UN rights chief speaks out against use of death penalty in Iran

High Commissioner for Human Rights Navi Pillay

13 October 2009 – The United Nations human rights chief today called for changes to Iranian laws to end the death penalty for juvenile offenders, and also voiced serious concern about the death sentences handed down to three people for their involvement in the recent post-election protests.

Behnoud Shojaie, who was executed on Sunday, had been convicted of the murder of another boy in a street fight when both were 17 years old, according to a news release issued by the Office of the High Commissioner for Human Rights (OHCHR).

Both High Commissioner for Human Rights Navi Pillay and UN special rapporteurs had raised his case with the Iranian authorities, reminding them of their international obligation not to execute juveniles.

Iran is a party to the International Covenant on Civil and Political Rights and to the Convention on the Rights of the Child, both of which prohibit the death penalty for juvenile offenders.

Ms. Pillay had welcomed indications that the Iranian judiciary was encouraging victims’ families to reach private settlements in such cases. The former head of the judiciary had previously agreed to suspend Shojaie’s death sentence, in order to give the victim's family a chance to pardon him under Islamic Shariah law.

“This latest execution shows there are no guarantees of clemency for juveniles until Iran changes its law and practice to end execution of juvenile offenders once and for all,” Ms. Pillay said. “It is the State’s responsibility to stop these executions, not a family’s prerogative.”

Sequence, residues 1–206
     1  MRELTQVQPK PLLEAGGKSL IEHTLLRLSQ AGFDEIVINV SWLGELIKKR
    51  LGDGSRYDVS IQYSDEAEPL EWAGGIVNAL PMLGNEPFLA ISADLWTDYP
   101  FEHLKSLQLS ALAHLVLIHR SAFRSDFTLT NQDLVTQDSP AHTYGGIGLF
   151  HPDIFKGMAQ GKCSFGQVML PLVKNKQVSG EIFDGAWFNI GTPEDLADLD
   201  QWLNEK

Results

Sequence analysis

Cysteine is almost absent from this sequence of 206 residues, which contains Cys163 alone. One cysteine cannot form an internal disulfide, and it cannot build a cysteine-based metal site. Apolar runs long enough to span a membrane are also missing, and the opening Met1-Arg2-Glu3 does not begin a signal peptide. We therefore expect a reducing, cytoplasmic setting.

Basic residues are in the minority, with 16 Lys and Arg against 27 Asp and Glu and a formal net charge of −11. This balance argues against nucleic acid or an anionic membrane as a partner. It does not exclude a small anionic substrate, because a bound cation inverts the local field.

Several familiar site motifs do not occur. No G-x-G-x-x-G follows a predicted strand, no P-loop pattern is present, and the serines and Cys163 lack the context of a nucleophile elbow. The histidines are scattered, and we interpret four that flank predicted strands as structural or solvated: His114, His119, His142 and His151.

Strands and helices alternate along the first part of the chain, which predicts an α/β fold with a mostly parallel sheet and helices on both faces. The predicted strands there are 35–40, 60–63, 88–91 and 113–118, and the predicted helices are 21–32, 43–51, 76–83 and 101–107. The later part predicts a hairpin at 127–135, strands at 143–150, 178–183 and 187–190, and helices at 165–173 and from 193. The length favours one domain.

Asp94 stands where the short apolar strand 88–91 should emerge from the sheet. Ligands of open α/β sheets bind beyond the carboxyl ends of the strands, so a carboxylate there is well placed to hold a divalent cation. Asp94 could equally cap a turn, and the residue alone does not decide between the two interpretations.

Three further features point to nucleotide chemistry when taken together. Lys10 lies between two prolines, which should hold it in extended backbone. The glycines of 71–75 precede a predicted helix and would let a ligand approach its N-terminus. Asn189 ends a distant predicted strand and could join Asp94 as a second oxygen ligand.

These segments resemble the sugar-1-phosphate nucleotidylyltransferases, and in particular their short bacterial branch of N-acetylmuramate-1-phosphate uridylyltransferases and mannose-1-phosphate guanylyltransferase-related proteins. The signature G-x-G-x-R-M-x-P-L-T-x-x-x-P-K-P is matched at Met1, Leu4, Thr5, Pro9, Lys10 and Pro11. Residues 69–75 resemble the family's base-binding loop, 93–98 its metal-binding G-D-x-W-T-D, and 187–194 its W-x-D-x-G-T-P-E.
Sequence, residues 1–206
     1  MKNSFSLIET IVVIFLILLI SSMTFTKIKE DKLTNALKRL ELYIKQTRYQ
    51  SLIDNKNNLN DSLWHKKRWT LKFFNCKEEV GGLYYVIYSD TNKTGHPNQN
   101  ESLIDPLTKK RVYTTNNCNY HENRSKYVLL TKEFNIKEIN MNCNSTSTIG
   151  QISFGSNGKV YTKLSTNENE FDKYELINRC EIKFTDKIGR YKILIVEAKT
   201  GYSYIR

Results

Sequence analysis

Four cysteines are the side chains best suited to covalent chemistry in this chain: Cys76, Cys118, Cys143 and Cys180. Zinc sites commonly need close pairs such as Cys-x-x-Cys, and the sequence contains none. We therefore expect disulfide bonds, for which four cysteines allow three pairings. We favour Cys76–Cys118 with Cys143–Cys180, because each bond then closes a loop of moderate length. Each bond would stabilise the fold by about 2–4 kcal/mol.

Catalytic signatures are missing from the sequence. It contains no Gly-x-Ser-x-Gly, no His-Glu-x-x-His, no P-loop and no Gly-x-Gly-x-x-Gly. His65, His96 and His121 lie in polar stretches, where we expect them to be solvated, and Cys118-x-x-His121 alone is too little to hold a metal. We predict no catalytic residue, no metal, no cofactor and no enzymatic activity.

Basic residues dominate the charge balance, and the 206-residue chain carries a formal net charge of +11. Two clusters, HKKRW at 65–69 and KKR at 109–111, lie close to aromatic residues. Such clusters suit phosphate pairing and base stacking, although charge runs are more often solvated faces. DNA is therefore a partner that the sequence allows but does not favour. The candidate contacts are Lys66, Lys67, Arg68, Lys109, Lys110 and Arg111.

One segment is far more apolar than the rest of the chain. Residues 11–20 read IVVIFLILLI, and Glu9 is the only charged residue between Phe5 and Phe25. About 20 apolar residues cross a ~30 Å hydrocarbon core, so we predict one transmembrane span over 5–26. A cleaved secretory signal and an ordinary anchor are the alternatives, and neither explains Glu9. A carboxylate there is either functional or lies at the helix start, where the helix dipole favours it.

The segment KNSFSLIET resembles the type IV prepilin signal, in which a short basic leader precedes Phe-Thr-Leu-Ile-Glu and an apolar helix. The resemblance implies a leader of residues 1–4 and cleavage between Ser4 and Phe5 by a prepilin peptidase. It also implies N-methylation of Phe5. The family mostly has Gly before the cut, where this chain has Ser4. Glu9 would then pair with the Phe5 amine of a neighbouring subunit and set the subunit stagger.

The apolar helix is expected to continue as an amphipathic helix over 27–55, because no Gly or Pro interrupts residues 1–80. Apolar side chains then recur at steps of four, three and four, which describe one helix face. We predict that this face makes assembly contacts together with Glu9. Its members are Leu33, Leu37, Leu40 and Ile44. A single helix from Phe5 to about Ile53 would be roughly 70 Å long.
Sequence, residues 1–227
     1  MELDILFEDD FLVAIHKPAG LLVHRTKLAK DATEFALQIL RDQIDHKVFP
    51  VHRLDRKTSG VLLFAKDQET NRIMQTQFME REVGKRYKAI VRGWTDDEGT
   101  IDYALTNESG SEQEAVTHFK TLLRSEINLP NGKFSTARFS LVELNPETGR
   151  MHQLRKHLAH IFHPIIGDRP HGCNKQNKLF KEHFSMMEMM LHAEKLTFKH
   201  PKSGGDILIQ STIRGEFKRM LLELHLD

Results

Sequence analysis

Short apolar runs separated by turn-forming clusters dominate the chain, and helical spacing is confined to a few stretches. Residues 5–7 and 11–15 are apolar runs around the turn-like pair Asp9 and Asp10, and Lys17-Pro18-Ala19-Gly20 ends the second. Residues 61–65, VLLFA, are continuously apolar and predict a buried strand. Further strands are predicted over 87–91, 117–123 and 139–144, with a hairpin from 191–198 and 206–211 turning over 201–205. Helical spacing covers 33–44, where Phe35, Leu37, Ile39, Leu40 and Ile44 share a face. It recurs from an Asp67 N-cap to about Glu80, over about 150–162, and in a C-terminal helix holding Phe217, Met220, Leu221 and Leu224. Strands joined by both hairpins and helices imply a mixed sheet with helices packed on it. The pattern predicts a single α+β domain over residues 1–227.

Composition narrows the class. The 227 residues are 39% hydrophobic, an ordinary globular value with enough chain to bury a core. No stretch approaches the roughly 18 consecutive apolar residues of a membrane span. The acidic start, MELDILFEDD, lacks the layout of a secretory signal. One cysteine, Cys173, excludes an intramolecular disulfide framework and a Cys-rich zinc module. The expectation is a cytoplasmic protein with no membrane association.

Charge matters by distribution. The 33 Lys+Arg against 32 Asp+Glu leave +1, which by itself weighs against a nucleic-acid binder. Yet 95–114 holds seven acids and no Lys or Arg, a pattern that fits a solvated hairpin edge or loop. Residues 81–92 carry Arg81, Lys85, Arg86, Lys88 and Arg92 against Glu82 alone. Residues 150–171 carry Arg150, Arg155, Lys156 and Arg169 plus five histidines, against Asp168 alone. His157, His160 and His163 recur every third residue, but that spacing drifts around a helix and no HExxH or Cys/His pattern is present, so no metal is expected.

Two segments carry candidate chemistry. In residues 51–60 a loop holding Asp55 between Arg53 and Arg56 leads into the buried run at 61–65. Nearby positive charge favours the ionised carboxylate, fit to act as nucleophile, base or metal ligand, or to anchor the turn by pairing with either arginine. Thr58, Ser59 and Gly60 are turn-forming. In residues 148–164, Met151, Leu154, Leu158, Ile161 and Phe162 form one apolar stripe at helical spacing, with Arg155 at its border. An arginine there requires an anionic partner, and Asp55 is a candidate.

The Iranian legislature is currently considering a new draft juvenile justice law that provides “a valuable opportunity to end the execution of juvenile offenders,” said OHCHR.

The High Commissioner also voiced serious concerns about the death sentences recently handed down to three individuals involved in the protests that took place after the country’s presidential election.

“Under international law, the death penalty can only be applied when very strict conditions are met, for example only in respect of the most serious crimes and only after scrupulously fair trials,” she noted.

The UN human rights mechanisms have held the view that the imposition of the death penalty for crimes that do not result in loss of life is contrary to the International Covenant on Civil and Political Rights.

“There are also major concerns about the way the recent trials of opposition activists were conducted, and I hope these judgments will be reviewed carefully by the higher courts,” Ms. Pillay said.


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